Becky Anderson shows us the effects of a month long army siege on a Palestinian camp near Damascus.


BECKY ANDERSON, CNN INTERNATIONAL CORRESPONDENT: Yarmouk refugee camp on the outskirts of Damascus has been a focal point in the Syrian crisis after being under brutal siege.

"We're starving," she says. "We have nothing. Get us out of here, for god's sake."

According to a recent report by Amnesty International, nearly 200 people have died here since July 2013, 128 of those due to starvation.

Pictures emerging from the camp show residents in desperate need of help.

Remi al-Said (ph) is an activist. He spoke to CNN from inside Yarmouk. The aid that has come into Yarmouk recently isn't enough for even 10 percent of the civilians. Now, humanitarian situation has gone from bad to worse. Everything has escaped from Yarmouk except for death, he says.

What's worse is the lack of electricity and water. Rania Marjey knows Yarmouk only too well, having lived there for many years. She now lives in the UK, but her family is still trapped there.

You are in regular contact with your family there. Just describe what they're telling you.

RANIA MARJEY, FORMER YARMOUK RESIDENT: There isn't much left, you know, continuous bombardment, mortar shells all the time. When I try to speak with my brother, you know, every time I speak with him you hear it all the time in the background, bombing and shells and...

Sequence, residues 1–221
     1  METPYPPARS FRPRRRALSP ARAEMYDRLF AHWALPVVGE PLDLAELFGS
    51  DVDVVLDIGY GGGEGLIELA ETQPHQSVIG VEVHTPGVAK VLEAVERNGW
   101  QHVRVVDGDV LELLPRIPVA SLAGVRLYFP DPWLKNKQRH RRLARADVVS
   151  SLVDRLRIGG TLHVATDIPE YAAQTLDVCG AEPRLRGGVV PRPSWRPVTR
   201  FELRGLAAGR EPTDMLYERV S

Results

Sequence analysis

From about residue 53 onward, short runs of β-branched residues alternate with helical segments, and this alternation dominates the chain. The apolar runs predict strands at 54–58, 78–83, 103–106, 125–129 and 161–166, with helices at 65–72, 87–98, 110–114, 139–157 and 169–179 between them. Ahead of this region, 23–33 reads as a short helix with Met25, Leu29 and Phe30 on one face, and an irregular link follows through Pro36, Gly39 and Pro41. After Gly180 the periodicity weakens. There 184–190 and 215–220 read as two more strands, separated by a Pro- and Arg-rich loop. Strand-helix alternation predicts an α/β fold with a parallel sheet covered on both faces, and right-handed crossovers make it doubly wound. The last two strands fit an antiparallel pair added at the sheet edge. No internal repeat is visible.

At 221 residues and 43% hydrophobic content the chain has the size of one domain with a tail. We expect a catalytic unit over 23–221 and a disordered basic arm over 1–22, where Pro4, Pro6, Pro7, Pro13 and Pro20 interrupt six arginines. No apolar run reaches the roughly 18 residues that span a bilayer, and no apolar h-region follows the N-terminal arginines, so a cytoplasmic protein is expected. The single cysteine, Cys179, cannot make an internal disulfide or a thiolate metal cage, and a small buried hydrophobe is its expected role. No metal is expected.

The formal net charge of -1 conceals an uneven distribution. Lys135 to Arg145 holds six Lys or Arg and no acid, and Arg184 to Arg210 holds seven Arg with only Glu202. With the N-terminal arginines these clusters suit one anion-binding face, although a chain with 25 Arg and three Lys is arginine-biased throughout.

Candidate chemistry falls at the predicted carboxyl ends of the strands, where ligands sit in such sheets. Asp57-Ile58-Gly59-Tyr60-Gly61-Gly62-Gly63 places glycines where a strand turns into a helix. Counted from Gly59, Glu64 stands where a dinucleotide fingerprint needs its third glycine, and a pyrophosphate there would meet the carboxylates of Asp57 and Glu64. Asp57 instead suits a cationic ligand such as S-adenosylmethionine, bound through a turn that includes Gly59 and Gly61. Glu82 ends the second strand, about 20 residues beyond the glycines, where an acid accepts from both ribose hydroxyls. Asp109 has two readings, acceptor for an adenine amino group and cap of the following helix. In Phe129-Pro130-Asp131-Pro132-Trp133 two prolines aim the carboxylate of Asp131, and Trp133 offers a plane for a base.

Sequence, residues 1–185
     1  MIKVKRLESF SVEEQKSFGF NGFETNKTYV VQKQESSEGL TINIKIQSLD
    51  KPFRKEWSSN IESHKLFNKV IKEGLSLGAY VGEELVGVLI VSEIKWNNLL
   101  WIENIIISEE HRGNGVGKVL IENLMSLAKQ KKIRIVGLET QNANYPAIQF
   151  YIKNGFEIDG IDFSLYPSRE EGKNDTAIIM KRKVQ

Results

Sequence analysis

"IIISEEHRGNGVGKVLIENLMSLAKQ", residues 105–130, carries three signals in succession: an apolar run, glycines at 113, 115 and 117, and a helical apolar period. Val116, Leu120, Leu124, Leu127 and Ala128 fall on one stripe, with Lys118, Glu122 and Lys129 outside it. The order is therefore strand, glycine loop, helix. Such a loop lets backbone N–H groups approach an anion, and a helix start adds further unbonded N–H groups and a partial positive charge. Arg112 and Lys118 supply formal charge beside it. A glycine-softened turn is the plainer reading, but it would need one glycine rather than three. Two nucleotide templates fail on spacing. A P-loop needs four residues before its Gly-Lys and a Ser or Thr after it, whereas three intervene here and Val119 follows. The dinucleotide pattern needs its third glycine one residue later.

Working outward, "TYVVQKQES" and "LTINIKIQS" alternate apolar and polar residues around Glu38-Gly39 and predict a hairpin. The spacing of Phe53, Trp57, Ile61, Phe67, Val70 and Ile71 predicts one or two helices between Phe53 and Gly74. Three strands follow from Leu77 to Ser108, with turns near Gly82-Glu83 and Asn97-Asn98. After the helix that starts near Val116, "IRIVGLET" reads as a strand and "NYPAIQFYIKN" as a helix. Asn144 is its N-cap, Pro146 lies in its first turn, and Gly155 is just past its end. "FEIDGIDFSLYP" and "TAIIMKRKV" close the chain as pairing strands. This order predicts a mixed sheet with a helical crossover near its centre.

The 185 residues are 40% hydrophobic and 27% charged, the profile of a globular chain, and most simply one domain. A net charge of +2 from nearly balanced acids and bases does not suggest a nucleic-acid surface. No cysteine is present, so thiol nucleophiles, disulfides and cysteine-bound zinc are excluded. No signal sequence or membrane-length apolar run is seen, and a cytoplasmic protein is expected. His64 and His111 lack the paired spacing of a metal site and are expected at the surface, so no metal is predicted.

ANDERSON: When the first aid got in, you'll be familiar as our viewers are with this picture.


ANDERSON: And your brothers, both brothers sadly (inaudible) since passed away. But your brothers are somewhere here.

MARJEY: He told me he would be right at the end of that queue, because on that day when they said humanitarian aid has got -- has at last got in, he didn't believe it.

ANDERSON: Mohammed, he was 25 and was killed in a mortar attack on Valentine's Day. You still talk about your brothers, as you should.

MARJEY: He's my brother. It's difficult, it's difficult, because especially about it happened supposedly during cease-fire. And that's when you hear a cease-fire, that's when you start relaxing and you start thinking things are looking better.

ANDERSON: Have you thought about how when hopefully this civil war is ended, how people will recover?

MARJEY: I think it will take years. My niece is five now. There is nothing she hasn't seen. She's seen dead bodies. She's seen destruction. She's seen shrapnel. The psychological damage that these kids are suffering, yeah, will take generations.